While competing in the exacting modern software market, many companies find integrating automated testing into their overall testing process beneficial. This guide will help you better understand the different types of automated test solutions and how developers...
Maybe I’m reading the wrong articles. Maybe I am listening to the wrong podcasts. Maybe I am finding the wrong sources and references.
Why do I think I’m checking all the wrong sources and “experts”? Because loads of them will say things that sound great. The problem is, when it comes to the actual doing of those things the great sounding stuff suddenly gets vague.
Testing is supposed to “provide value.” Software Testers are supposed to be the ones who “provide value.” Except, somehow, these same experts usually fail to say how they are to do this.
Traditional Scripted Testing
I work hard to understand testing. I also work hard to understand concepts like quality. I work hard to understand how testing is done well, and how the quality of a product can be improved.
When I look for ideas on how I can become better at these I often come across writers, speakers, pundits, and “experts” who advocate ideas I have heard over many years. These ideas might be valid in some situations. They are not all universal. They do not really tell us anything about adding value, except by inference.
What do I mean? The list often looks something like this:
- Software testers find bugs
- Software testers verify conformance to requirements
- Software testers validate functions
- Software testers improve quality
There are different versions of these ideas; they may be expressed in different ways. Some organizations embrace one or more of these ideas. They define and direct testing based on their understanding of what these ideas mean. They insist that testing be done a specific way. They insist that practices in place that have “always been followed” must not be disturbed. That these practices ensure maximum effectiveness and the best possible results.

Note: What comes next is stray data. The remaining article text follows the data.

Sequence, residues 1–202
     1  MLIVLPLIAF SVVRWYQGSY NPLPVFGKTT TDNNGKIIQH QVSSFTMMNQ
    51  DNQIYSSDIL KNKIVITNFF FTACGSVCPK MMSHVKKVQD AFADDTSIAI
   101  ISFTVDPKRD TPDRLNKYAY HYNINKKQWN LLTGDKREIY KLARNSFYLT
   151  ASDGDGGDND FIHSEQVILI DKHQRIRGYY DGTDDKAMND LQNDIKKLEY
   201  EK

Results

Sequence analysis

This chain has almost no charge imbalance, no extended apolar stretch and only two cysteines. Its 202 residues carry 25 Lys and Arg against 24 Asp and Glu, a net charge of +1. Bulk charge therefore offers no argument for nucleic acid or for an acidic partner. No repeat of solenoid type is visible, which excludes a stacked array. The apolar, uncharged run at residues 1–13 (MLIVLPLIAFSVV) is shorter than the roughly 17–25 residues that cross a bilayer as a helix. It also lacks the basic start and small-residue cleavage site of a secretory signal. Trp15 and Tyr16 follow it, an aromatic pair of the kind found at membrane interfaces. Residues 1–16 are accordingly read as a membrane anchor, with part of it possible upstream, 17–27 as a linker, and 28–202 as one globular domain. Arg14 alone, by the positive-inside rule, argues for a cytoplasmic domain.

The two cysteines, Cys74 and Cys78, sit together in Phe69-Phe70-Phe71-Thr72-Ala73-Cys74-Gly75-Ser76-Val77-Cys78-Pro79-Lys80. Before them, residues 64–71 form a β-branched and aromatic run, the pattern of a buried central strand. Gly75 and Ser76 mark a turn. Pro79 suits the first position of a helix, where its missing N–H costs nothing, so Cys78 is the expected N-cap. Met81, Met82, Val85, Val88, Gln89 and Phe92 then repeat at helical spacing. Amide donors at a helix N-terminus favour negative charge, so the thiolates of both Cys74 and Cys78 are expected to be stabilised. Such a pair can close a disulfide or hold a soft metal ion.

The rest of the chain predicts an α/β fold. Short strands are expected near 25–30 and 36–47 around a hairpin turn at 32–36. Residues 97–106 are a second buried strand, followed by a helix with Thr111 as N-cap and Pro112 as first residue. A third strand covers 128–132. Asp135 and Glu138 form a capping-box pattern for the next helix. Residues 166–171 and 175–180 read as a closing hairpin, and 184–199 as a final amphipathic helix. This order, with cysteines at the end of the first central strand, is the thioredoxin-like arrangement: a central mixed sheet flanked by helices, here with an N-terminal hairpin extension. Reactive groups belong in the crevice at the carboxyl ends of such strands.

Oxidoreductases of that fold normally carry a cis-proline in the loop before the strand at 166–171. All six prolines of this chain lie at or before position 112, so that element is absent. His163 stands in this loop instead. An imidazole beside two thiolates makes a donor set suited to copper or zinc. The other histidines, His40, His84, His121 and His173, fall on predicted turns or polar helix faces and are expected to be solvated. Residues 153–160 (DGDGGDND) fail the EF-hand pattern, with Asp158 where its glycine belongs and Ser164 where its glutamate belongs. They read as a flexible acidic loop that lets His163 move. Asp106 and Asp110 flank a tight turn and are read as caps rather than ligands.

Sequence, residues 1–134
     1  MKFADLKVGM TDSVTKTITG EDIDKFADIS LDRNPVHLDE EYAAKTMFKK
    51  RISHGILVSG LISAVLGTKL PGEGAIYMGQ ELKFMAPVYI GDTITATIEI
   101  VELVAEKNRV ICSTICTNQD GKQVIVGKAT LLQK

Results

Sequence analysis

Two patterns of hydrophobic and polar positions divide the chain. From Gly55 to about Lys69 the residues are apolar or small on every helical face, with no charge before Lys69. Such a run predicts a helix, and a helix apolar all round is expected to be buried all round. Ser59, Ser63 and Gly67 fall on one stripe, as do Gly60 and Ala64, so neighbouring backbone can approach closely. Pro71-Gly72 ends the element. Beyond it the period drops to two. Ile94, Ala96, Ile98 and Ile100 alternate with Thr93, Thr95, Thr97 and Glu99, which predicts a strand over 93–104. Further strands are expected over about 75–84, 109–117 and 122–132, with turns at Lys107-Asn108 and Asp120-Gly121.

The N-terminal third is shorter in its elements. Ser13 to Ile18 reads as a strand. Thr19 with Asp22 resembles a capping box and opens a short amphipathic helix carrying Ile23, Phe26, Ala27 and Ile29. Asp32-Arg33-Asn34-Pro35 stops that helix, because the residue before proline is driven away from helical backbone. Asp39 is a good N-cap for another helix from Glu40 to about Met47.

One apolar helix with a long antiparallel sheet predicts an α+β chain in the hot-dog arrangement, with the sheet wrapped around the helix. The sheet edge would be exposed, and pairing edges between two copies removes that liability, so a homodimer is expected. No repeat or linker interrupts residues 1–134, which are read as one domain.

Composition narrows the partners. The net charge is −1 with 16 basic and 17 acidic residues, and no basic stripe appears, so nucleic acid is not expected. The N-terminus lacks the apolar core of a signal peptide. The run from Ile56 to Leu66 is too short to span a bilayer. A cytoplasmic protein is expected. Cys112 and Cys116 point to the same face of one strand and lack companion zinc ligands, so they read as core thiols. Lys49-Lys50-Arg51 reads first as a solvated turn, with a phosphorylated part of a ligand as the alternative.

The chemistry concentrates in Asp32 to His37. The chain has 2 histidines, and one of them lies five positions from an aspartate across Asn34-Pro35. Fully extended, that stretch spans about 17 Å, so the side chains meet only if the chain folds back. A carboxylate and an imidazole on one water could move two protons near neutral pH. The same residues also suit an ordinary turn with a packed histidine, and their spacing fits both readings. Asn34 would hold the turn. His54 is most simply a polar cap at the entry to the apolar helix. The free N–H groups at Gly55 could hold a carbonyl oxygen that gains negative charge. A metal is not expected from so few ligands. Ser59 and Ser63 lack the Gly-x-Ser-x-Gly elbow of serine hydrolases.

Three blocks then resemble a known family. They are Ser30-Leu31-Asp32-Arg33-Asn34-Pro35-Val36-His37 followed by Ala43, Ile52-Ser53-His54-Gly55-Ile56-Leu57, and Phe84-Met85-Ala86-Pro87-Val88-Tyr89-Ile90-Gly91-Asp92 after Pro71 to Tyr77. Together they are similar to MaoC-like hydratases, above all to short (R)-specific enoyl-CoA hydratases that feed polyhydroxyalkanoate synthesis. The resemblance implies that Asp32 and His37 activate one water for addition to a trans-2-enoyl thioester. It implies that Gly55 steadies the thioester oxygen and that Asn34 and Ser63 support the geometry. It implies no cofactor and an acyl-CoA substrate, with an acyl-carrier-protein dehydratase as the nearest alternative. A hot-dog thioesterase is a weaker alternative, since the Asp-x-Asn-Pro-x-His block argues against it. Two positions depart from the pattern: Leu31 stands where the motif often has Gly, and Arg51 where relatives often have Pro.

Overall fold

In some ways, I get it. There are loads of reasons to not change how things are done. People are comfortable with how the organization has worked in the past. Change is uncomfortable and can sometimes be messy.
I understand why people might like having detailed scripts that lay out precise steps to be followed. I also understand why the “expected results” are so important to many organizations. I get the comfort of standardized approaches. I really do.
For several years I was quite comfortable with them. I worked in shops where these were the norm. Detailed scripts direct people’s efforts. They cut down on distractions. They drive the focus of work to be done. But except in narrow instances — for example, those working under strict contractual requirements — I have come to firmly oppose using them.
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Problems with Scripted Testing
Proponents of using detailed test scripts often suggest they can help train new people in how the software functions. Another argument is to make sure everyone understands what is expected to happen. Both arguments focus on the “expected results” format for test cases and test steps.
My concern with that is, if the “expected results” state one thing, people executing the steps usually find themselves focusing only on that. This is not a criticism of the people doing the work. It is a criticism of the belief that very limited focus will determine success or failure of the work.
We may very well get the precise “expected result” to appear in the screen or the column in the database. Did anything else happen? Were there any error messages in application or system logs resulting from this test? Were there any odd behaviors not noted because the “expected result” happened?
One obvious solution is to have people to look at broader aspects than the documented “expected results.” Except, this sets up a conundrum around what is and is not part of what should be looked for. Many of us would assert that the tester should track down apparently odd behavior out of professional responsibility and due diligence. Testers should take the time to investigate what is going on. I absolutely agree.
If the team is to reduce variation and execute the scripts as written, is that likely to happen? If tests have explicit time frames for execution, how likely is it a tester will do anything to impact those targets? What is the reasonable outcome if something odd is seen but the “expected result” is met? People tend to ignore these errors if they feel constrained from investigating them.